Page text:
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With: Greg Kinnear, Patricia Arquette, Bobby Cannavale, Paul Dano, Luis Guzman, Ethan Hawke, Kris Kristofferson, Avril Lavigne, Esai Morales, Catalina Sandino Moreno, Ana Claudia Talancon, Wilmer Valderrama, Bruce Willis
Written by: Richard Linklater, Eric Schlosser, based on a book by Schlosser
Directed by: Richard Linklater
MPAA Rating: R for disturbing images, strong sexuality, language and drug content
Running Time: 116
Date: 05/19/2006

Fast Food Nation (2006)

3 Stars (out of 4)

Burger Shysters

By Jeffrey M. Anderson

If they like them at all, Americans prefer their political films simple. None of this poking around in gray areas; let's have a movie that explains its view in no uncertain terms. No one could watch Crash or United 93 and fail to come away with "racism is bad" and "terrorism is bad." Even the convoluted Syriana manages to make loud and clear its assertion that "oil companies are bad."

But while director Richard Linklater convincingly shapes his new movie Fast Food Nation, and all its multiple threads and characters (not unlike his classic Dazed and Confused), he also allows for a complex discourse on the dubious quality of fast food in America, as well as the horrifying status and treatment of immigrants in the industry.

When Don Anderson (Greg Kinnear), a representative of fictitious fast-food chain Mickeys learns that their hamburger meat contains traces of feces he journeys to Cody, Colorado, the home of the meat packing plant that provides Mickeys' beef. He gets a satisfactory tour of the plant, but learns from an old cattleman (Kris Kristofferson) that things are far more gruesome than anyone lets on.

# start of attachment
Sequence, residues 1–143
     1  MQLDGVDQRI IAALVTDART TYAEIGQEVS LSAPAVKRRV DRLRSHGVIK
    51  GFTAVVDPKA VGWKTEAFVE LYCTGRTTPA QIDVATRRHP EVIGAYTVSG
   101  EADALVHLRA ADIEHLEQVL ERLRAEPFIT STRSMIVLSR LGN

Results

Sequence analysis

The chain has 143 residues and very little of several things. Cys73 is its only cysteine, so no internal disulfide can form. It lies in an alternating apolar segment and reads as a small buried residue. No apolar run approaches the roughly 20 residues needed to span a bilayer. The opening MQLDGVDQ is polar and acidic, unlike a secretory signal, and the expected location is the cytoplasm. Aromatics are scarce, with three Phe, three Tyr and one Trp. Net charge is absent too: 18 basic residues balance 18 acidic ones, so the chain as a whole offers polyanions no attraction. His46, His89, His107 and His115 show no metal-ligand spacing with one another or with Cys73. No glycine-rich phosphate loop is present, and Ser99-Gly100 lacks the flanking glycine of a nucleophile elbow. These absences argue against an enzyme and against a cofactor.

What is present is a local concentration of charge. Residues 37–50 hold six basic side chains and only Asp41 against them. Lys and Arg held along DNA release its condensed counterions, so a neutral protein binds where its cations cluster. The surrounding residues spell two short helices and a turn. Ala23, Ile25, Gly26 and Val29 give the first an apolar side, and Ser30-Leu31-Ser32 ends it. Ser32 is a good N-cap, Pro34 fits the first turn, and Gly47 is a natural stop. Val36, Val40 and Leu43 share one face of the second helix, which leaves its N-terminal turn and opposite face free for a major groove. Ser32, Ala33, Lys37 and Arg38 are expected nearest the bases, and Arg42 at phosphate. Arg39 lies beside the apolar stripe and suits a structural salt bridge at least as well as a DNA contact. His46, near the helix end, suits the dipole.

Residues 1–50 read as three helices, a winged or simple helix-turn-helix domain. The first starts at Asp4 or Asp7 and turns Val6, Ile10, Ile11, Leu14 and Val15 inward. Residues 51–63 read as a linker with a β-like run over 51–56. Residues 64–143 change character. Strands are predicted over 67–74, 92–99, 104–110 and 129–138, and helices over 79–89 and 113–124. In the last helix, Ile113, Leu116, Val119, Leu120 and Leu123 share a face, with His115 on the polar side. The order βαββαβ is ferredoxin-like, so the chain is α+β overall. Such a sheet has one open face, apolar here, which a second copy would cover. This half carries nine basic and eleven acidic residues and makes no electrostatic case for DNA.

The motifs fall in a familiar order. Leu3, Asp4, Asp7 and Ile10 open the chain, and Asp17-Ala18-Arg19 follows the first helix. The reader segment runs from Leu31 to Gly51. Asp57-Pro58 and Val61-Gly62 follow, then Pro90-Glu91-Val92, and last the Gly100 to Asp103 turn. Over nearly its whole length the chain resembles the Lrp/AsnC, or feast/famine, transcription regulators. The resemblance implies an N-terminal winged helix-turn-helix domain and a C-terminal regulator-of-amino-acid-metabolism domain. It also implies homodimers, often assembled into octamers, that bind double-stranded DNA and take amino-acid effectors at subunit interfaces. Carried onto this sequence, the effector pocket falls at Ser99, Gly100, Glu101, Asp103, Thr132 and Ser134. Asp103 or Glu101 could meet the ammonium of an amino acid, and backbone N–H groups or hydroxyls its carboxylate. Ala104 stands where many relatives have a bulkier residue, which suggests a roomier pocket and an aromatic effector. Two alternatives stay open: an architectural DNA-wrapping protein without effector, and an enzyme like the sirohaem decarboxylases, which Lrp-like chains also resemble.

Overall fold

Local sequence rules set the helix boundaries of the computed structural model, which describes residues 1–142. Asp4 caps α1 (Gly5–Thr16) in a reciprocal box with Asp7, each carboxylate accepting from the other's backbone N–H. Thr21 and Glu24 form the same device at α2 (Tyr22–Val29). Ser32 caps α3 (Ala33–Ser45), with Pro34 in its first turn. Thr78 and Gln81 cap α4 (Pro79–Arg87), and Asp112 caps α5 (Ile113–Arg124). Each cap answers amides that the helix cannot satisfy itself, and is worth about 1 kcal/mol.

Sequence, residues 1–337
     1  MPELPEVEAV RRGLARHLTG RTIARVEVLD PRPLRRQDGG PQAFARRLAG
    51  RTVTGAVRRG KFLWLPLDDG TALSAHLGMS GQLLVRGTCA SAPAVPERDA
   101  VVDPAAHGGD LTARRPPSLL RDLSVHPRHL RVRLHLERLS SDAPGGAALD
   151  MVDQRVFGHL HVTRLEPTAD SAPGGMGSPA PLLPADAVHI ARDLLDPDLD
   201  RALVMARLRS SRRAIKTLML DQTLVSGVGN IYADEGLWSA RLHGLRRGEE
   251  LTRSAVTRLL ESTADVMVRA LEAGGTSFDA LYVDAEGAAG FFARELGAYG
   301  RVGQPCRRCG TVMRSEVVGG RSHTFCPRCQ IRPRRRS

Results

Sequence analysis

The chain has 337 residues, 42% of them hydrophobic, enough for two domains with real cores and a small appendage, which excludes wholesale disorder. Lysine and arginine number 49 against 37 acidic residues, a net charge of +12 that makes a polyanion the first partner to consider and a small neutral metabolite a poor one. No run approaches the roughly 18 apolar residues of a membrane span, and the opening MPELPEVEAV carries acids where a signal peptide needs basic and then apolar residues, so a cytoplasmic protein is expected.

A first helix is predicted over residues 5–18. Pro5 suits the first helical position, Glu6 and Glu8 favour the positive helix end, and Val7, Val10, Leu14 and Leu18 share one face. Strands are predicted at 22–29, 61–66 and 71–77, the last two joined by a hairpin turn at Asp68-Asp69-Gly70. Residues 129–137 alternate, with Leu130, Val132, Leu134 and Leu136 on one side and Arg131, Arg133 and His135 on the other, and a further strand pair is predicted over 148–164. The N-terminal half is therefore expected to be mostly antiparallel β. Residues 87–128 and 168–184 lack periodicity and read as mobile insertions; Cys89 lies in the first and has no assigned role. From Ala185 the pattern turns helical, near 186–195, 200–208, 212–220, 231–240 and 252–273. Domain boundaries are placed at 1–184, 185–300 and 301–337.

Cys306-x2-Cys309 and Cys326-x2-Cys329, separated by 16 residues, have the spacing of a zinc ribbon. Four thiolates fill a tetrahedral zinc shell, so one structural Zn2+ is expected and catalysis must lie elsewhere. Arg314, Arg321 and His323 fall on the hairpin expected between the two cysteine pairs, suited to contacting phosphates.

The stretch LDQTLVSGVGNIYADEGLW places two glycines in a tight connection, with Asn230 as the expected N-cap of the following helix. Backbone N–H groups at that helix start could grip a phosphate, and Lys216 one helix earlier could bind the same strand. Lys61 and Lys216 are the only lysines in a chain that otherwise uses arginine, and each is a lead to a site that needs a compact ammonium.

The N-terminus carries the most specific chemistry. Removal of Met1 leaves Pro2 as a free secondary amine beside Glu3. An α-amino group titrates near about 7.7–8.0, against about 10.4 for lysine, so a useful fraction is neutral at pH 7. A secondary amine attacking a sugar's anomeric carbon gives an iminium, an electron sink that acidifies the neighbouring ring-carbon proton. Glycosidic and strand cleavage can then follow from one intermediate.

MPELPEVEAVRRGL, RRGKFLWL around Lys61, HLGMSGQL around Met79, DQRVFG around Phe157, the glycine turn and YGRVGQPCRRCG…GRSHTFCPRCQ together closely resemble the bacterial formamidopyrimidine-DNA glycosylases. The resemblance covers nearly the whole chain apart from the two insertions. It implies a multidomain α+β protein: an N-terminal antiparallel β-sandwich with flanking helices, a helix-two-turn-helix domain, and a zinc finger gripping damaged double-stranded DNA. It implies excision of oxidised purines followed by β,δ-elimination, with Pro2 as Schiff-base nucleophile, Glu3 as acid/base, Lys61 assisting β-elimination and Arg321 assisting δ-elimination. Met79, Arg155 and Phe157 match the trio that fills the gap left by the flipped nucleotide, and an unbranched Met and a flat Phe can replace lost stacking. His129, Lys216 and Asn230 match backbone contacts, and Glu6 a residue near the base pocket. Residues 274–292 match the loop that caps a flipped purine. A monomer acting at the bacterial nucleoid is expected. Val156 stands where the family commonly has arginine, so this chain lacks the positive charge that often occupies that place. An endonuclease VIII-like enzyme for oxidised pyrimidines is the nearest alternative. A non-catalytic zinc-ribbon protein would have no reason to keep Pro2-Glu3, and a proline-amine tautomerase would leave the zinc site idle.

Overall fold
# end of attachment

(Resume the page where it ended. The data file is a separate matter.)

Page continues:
In the movie's best and smartest scene, another cattle supplier, Harry (Bruce Willis), tries to get Don to lighten up, claiming that eating a little shit now and then doesn't hurt anyone. Willis is truly remarkable, magnetic and energetic, and good enough to actually sell the opposing viewpoint, all the while scarfing down a giant cheeseburger with a beer.

Meanwhile, desert rat Benny (Luis Guzman) drives illegal immigrants over the border, bound for gory, gut-churning jobs at the plant. His latest passengers are Sylvia (Catalina Sandino Moreno), her boyfriend Raul (Wilmer Valderrama) and her sister Coco (Ana Claudia Talancon). Coco hooks up with the violent, unpleasant plant supervisor Mike (Bobby Cannavale) and becomes a volatile, drug-addled bundle of nerves. But in one touchingly awkward scene, Sylvia and Raul try to go on a proper date in a restaurant, and discover they don't know enough English to place their order; it's a very clever moment, showing the upside and downside of this situation all at once.

Linklater makes a more earnest attempt to represent the Mexican characters than Crash did with its non-white characters, but he still falls victim to either/or stereotypes: either they're good people who try to make American life work, or they're all too ready to self-destruct. But even this treatment does not easily solve the controversial issue of whether or not they should be allowed to cross the border and work here; Linklater demonstrates both sides.

Still the mere fact that Linklater mutes his politics within his storytelling is something of a small accomplishment in itself. Any other filmmaker would have turned in a dutiful documentary adaptation of Eric Schlosser's non-fiction book. Instead, Fast Food Nation flows with Linklater's vintage veracity; the camera lingers over moments, recording conversations rather than dialogue, behavior rather than acting. Rather than looking down on viewers as dumb, blank slates to be taught and converted, he simply invites us to participate in the conversation.

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